8. 8. 3.1.4 The if blockThe if block has the form:If{<text>} 1: if <text> then <body> 2: <body>[ [ElsIf{<text>} 3: else if <text> then <body> 4: <body>... ...] ][ [Else 5: else <body> 6: <body>] ]EndIf 7: end ifExample:begin{algorithmic}[1]If{$qualityge 9$} 1: if quality ≥ 9 then State $agets perfect$ 2: a ← perf ectElsIf{$qualityge 7$} 3: else if quality ≥ 7 then State $agets good$ 4: a ← goodElsIf{$qualityge 5$} 5: else if quality ≥ 5 then State $agets medium$ 6: a ← mediumElsIf{$qualityge 3$} 7: else if quality ≥ 3 then State $agets bad$ 8: a ← badElse 9: else State $agets unusable$ 10: a ← unusableEndIf 11: end ifend{algorithmic}3.1.5 The procedure blockThe procedure block has the form:Procedure{<name>}{<params>} 1: procedure <name>(<params>) <body> 2: <body>EndProcedure 3: end procedureExample: See Euclid’s algorithm on page 4.3.1.6 The function blockThe function block has the same syntax as the procedure block: 8
  9. 9. Function{<name>}{<params>} 1: function <name>(<params>) <body> 2: <body>EndFunction 3: end function3.1.7 The loop blockThe loop block has the form:Loop 1: loop <body> 2: <body>EndLoop 3: end loop3.1.8 Other commands in this layoutThe starting conditions for the algorithm can be described with the requireinstruction, and its result with the ensure instruction. A procedure call can be formatted with Call.Require something Require: somethingEnsure something Ensure: somethingStatexState Call{Create}{10} 1: Create(10)Example:begin{algorithmic}[1]Require $xge5$ Require: x ≥ 5Ensure $xle-5$ Ensure: x ≤ −5StatexWhile{$x>-5$} 1: while x > −5 do State $xgets x-1$ 2: x←x−1EndWhile 3: end whileend{algorithmic}3.1.9 Package optionsThe algpseudocode package supports the following options:compatible/noncompatible Obsolote, use the algcompatible layout instead. If you would like to use old algorithms, written with the algorithmic package without (too much) modification, then use the compatible op- tion. This option defines the uppercase version of the commands. Note that you still need to remove the [...] comments (these comments ap- peared due to some limitations in the algorithmic package, these limi- tations and comments are gone now). The default noncompatible does not define the all uppercase commands. 9
  10. 10. noend/end With noend specified all end . . . lines are omitted. You get a somewhat smaller algorithm, and the ugly feeling, that something is missing. . . The end value is the default, it means, that all end . . . lines are in their right place.3.1.10 Changing command namesOne common thing for a pseudocode is to change the command names. Manypeople use many different kind of pseudocode command names. In algpseu-docode all keywords are declared as algorithmic<keyword>. You can changethem to output the text you need:algrenewcommandalgorithmicwhile{textbf{am’i g}}algrenewcommandalgorithmicdo{textbf{v’egezd el}}algrenewcommandalgorithmicend{textbf{v’ege}}begin{algorithmic}[1]State $x gets 1$ 1: x ← 1While{$x < 10$} 2: am´ x < 10 v´gezd el ıg e State $x gets x + 1$ 3: x←x+1EndWhile 4: v´ge am´ e ıgend{algorithmic} In some cases you may need to change even more (in the above exampleam´ and v´ge should be interchanged in the EndWhile text). Maybe the ıg enumber of the parameters taken by some commands must be changed too. thiscan be done with the command text customizing macros (see section 4.6). HereI’ll give only some examples of the most common usage:algrenewcommandalgorithmicwhile{textbf{am’i g}}algrenewcommandalgorithmicdo{textbf{v’egezd el}}algrenewcommandalgorithmicend{textbf{v’ege}}algrenewtext{EndWhile}{algorithmicwhile algorithmicend}begin{algorithmic}[1]State $x gets 1$ 1: x ← 1While{$x < 10$} 2: am´ x < 10 v´gezd el ıg e State $x gets x - 1$ 3: x←x−1EndWhile 4: am´ v´ge ıg eend{algorithmic} 10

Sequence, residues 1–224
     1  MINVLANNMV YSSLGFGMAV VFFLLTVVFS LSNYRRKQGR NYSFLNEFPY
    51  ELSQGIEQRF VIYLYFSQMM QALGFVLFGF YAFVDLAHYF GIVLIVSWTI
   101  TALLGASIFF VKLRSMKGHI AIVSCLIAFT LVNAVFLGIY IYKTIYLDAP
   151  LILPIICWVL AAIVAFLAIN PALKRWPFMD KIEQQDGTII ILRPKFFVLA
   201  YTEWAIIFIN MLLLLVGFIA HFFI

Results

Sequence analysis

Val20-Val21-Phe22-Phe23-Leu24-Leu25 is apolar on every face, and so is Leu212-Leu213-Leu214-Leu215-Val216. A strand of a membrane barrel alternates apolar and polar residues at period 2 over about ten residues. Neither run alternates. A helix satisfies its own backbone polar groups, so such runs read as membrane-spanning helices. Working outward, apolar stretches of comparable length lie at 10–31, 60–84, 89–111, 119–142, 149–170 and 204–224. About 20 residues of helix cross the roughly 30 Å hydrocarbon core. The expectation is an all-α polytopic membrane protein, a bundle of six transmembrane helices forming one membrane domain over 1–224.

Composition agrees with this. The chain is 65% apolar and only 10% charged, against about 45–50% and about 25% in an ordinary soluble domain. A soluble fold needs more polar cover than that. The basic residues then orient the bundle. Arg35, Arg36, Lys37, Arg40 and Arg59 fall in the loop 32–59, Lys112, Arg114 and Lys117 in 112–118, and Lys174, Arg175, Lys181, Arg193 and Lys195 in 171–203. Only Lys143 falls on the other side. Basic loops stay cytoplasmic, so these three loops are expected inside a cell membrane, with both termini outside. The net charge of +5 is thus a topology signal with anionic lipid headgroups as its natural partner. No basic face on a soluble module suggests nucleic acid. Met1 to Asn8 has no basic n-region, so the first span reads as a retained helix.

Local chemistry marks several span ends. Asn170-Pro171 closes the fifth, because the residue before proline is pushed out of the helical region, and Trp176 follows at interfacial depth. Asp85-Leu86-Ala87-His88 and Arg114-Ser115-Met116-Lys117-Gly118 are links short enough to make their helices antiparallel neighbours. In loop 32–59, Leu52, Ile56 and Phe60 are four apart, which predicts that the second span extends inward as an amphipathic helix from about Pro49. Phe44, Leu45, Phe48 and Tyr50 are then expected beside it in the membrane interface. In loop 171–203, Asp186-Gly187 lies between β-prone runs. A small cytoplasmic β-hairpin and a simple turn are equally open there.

11. 11. algnewcommandalgorithmicto{textbf{to}}algrenewtext{For}[3]% {algorithmicfor #1 gets #2 algorithmicto #3 algorithmicdo}begin{algorithmic}[1]State $p gets 1$ 1: p ← 1For{i}{1}{n} 2: for i ← 1 to n do State $p gets p * i$ 3: p←p∗iEndFor 4: end forend{algorithmic} You could create a translation package, that included after the algpseu-docode package translates the keywords to the language you need.3.2 The algpascal layoutThe most important feature of the algpascal layout is that it performs auto-matically the block indentation. In section 4 you will see how to define suchautomatically indented loops. Here is an example to demonstrate this feature:begin{algorithmic}[1]Begin 1: beginState $sum:=0$; 2: sum := 0;For{i=1}{n}Comment{sum(i)} 3: for i = 1 to n do {sum(i)} State $sum:=sum+i$; 4: sum := sum + i;State writeln($sum$); 5: writeln(sum);End. 6: end.end{algorithmic} Note, that the For is not closed explicitly, its end is detected automatically.Again, the indentation in the source doesn’t affect the output. In this layoutevery parameter passed to a command is put in mathematical mode.3.2.1 The begin . . . end blockBegin 1: begin <body> 2: <body>End 3: end The Begin . . . End block and the Repeat . . . Until block are theonly blocks in the algpascal style (instead of Begin you may write Asm).This means, that every other loop is ended automatically after the followingcommand (another loop, or a block).3.2.2 The for loopFor{<assign>}{<expr>} 1: for <assign> to <expr> do <command> 2: <command> 11
  12. 12. The For loop (as all other loops) ends after the following command (a blockcounts also as a single command).begin{algorithmic}[1]Begin 1: begin State $sum:=0$; 2: sum := 0; State $prod:=1$; 3: prod := 1; For{i:=1}{10} 4: for i := 1 to 10 do Begin 5: begin State $sum:=sum+i$; 6: sum := sum + i; State $prod:=prod*i$; 7: prod := prod ∗ i; End 8: endEnd. 9: end.end{algorithmic}3.2.3 The while loopWhile{<expression>} 1: while <expression> do <command> 2: <command>3.2.4 The repeat. . . until blockRepeat 1: repeat <body> 2: <body>Until{<expression>} 3: until <expression>3.2.5 The if commandIf{<expression>} 1: if <expression> then <command> 2: <command>[ [Else 3: else <command> 4: <command>] ] Every Else matches the nearest If.3.2.6 The procedure commandProcedure <some text> 1: procedure <some text> Procedure just writes the “procedure” word on a new line... You willprobably put a Begin. . . End block after it.3.2.7 The function commandFunction<some text> 1: function <some text> Just like Procedure. 12